Seven Ways to Access Peak Performance
Susan Dunn, M. A.
1. Practice. Obviously if you want to learn to play the
piano, you have to practice, but studies show that mental
practice may be as important as physical practice. Visualize
yourself performing the act you have in mind perfectly, and
you'll come closer to it. Mental rehearsal can improve your
self-confidence and your attitude toward what you want to
do is very important.
2. Studies show that emotion plays a part in learning and
memory. A basic example of this is touching a hot stove--it
hurts, so you tend to learn it immediately and forever. Anxiety
is another emotion that makes a difference, because if you're
anxious you can't concentrate well. It stands to reason, therefore,
that increasing your emotional intelligence (EQ)--your ability
to handle your emotions and those of others--will affect your
ability to learn and to perform.
3. Also learn to control your self-talk; it's crucial in your
ability to learn and to perform. If you start out saying "I
can't do this" or "I hate this" it's going to affect your
ability to assimilate new information and to perform.
4. Strengthen your 'brain muscle' with exercise. Try HappyNeuron
for some happy stimulation. Try new things. Work puzzles and
mazes. Increase your reaction time.
Increase your flexibility by broadening into areas you aren't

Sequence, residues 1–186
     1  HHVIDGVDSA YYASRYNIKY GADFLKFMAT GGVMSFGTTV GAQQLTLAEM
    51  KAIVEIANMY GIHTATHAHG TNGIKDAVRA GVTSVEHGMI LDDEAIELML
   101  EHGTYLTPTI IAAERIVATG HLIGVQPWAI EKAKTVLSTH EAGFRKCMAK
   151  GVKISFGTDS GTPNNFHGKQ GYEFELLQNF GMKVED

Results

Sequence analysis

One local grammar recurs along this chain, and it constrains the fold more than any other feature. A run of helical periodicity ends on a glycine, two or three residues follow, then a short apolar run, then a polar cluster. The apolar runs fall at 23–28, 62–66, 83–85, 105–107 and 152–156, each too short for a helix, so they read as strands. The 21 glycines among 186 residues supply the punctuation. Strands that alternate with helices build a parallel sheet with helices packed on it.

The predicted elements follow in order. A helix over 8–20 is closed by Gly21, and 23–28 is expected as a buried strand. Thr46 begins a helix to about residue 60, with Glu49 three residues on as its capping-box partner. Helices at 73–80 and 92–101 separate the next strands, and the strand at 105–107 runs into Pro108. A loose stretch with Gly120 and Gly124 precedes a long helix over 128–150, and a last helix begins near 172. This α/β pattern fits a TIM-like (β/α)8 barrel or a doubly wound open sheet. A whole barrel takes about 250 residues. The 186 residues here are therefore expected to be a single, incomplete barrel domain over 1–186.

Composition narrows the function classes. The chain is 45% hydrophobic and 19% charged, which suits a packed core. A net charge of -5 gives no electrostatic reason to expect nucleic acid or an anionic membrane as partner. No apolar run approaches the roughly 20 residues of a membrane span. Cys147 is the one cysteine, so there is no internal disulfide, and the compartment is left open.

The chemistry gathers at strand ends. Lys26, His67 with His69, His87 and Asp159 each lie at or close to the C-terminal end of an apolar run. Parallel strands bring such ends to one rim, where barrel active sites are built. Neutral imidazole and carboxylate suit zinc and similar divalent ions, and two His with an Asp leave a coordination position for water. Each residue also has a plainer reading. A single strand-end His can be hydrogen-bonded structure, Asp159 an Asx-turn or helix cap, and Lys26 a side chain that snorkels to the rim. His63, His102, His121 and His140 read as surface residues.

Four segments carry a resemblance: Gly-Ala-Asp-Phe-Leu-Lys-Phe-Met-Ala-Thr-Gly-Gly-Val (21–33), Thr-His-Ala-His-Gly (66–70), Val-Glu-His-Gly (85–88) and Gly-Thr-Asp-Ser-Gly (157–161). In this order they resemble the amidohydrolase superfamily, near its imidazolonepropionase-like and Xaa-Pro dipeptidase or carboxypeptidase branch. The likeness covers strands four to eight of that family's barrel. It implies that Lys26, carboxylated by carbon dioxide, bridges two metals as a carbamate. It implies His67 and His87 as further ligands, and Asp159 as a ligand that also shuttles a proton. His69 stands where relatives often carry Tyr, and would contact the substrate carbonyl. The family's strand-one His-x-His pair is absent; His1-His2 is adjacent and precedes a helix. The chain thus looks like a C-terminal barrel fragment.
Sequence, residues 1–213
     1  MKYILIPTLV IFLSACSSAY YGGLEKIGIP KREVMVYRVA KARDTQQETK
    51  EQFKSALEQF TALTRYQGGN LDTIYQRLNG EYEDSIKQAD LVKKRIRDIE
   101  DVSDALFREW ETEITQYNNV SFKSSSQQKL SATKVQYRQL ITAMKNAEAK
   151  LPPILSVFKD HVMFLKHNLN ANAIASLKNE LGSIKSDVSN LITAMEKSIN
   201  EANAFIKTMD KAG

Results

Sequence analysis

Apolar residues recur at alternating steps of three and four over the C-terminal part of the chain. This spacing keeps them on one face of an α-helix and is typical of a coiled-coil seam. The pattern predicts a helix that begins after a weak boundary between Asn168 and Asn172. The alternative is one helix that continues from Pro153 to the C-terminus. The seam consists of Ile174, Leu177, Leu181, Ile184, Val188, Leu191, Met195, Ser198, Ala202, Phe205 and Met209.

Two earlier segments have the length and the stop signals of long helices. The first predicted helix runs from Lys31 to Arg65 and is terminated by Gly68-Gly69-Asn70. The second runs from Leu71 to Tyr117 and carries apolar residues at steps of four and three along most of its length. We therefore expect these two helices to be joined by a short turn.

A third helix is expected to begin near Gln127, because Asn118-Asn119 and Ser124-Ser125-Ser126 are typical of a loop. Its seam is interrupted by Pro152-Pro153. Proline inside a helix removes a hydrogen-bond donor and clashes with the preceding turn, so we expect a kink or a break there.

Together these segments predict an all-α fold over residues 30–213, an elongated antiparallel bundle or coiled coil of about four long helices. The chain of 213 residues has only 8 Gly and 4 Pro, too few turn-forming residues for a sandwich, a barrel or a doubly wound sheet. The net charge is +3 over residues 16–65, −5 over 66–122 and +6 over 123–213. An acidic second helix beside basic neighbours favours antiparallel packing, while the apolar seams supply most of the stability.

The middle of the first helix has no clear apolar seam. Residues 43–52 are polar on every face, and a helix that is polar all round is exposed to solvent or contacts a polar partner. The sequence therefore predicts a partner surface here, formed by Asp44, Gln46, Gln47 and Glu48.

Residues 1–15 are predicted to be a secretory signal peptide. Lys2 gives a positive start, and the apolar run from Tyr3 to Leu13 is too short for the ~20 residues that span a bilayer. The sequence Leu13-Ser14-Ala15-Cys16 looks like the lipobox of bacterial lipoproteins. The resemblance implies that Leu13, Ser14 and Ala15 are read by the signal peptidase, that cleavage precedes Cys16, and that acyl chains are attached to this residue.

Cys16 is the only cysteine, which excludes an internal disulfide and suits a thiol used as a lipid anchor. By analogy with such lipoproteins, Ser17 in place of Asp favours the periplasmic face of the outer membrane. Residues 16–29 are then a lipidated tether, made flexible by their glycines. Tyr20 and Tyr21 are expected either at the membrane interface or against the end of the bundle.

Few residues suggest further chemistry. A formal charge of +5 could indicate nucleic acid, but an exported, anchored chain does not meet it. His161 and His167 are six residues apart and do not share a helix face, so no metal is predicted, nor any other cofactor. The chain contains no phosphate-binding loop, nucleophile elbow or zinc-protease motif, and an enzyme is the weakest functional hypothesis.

familiar with. Drive to work a new way. Dip into a field you
know nothing about. Talk to someone you ordinarily wouldn't
talk to. Learn a new language. 'You don't know what you don't
know' so expand into those areas and find out what you really
Use it or lose it; your brain needs stimulation and new things.
When you learn something new, you're actually forming new
pathways. Give yourself plenty of "brain food." Take a course.
Learn a new motor skill. Keep yourself out and about. Be open
to trying and learning new things. Learning something new
makes it easier to learn something new! And do the 'meta-practice'--practice
adjusting to new things. Get the right kind of stimulation
from people, and the converse is also true -- some people
provide a negative drag. Avoid them.
Work out both sides of your brain. Traditional study will
improve the left-brain--analytical, logical and reasoning.
Music, art, poetry and myths will work out the right-brain.
You need both, and you need good communication between the
5. Use music. We've all heard about the "Mozart effect." The
validity of listening to Mozart hasn't exactly been proven,
but we do know that music can soothe us (new age) and hype
us up (rap). Experiment! It's certainly good for the right-brain.
6. Certain drugs can increase oxygen flow to the brain and/or
increase blood flow, but they should be used judiciously as
some can be harmful or lethal. The results still aren't in
yet on St. John's Wort for depression, or gingko biloba for
Alzheimer's disease. Stay up on the research and check it
7. Practice extreme self-care. What you eat and how you exercise
affect your brain just as they affect every other organ in
your body. We know that aerobic exercise can improve scores
on some types of creativity tests. It will also, of course,
improve your self-confidence to exercise, eat right and be
in top shape. Build up reserves of energy and get enough sleep.
Give your brain a break!
Remember that it works if you work it.
Susan Dunn, M.A., Clinical Psychology, is a personal
and professional development coach specializing in emotional
intelligence. Email her for her free ezine.
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